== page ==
While tweeting about a friend who lost his entire family yesterday, I saw repeated and persistent tweets sent by a dear friend, Mohammed Alqattawi, to Joe Catron, asking him to respond as a matter of urgency.
Feeling restless and uneasy, I asked Mohammed in a private message what was so urgent and if there was anything I could do, but he only asked for Joe’s number. I gave him the phone number. “We’ve been looking for my cousin from Sheja`yea for 2 days now,” Mohammed messaged me back a few minutes later. “We just watched a video that Joe tweeted of an injured Palestinian shot by an Israeli sniper while searching for his family. It is my cousin.”
Having watched that video earlier in the day, hearing that just took it to a whole new level for me. The nameless, wounded, innocent soul taken so outrageously by an Israeli sniper on camera, in front of the rescue team, and during the hours of a humanitarian ceasefire, belongs to my friend’s cousin. “I clicked on the link to watch the video, and his mom and sister swiftly recognised him by his voice,” Mohammed continued, “and his dad came running and watched his son get shot and say the shehada.”
My body went numb as I read these lines. Already up though the night mourning a friend of mine, now I am mourning another. Salem Shamaly and his family got split while evacuating Shejai`yea neighbourhood in light of Israel’s latest massacre in the area. And ever since the rest of the family made it to Mohammed’s home, him and his uncle have been looking for Salem everywhere. They spent all of yesterday searching Al Shefa hospital and asking around, but to no avail.
Senseless loss, however, is not a strange notion to Gaza and its people. Submerged in grief, Mohammed’s uncle got up to pray and read some Quran, hoping God will grant him some sort of sublime patience he needs in order to calm his wailing daughters. Salem was only 20 years old, the only son to his father and the only brother to his 7 sisters. To the international community in general and the western world in particular, which seems to be overlooking Israeli war crimes and violations of the International Humanitarian Law over and over again, Salem is but another number added to an already overflowing toll of Palestinian deaths. To his friends and family, Salem will always be the precious gem he has always been.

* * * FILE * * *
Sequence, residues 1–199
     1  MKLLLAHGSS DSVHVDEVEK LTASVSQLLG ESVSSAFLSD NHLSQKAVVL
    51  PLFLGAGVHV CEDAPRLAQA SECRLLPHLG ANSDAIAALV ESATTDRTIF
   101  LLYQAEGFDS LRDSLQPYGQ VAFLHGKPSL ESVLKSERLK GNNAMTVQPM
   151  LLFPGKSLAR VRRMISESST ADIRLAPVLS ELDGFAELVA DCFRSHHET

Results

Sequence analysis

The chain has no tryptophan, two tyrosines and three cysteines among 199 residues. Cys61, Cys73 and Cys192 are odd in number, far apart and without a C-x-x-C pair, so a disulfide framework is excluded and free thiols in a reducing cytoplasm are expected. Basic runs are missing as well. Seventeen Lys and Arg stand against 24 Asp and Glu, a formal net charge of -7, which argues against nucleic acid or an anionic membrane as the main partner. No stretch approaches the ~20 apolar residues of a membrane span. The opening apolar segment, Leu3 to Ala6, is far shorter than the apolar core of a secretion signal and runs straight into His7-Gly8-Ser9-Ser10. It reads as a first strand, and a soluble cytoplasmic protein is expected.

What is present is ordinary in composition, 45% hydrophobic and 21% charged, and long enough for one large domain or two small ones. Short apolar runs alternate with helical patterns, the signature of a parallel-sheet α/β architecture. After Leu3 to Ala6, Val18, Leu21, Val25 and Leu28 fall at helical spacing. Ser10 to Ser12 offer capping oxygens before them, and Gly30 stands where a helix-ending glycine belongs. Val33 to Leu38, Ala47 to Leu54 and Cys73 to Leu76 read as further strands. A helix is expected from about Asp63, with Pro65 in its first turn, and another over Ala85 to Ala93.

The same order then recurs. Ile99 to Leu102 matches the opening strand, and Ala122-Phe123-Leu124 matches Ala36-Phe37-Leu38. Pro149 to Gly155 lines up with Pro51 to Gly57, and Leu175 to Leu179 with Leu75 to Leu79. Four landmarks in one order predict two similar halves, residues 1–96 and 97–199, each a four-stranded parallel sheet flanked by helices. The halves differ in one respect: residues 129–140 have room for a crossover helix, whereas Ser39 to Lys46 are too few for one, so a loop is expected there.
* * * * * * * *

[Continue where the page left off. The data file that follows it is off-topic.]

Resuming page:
So on Wednesday night (June, 27), my friend Lina Al Sharif tweeted me a congratulations for graduating on that day. Funny thing is, her tweet was actually how I found out my graduation ceremony was early on that day. I didn’t know when the ceremony was lol; that’s how messed up my life is at the moment! Oh well, I never planned on going in the first place, but it sill felt weird and funny. Thanks anyway Linz, you’re such a gem :) congrats la all my friends!
Anger? Sorrow? Joy? A combination of the three? A combination of the three. They passed, the last couple of months, so slowly like a snail making its way across the dead sea. Yet so swiftly, they passed, like a scorching fire eating up the remnants of a thin-paper made, abandoned journal. There was all the time in the world to write and to pour onto the paper this limitless drift of emotions, yet very little time. Duties, dreams, anger, stress, LIFE – all melted and merged into a darkening chaos that held sway over me. It was these very things that always pushed me to blog my heart out. This time the high dose of anger, of frustration, and of longing, however, has been paralyzing.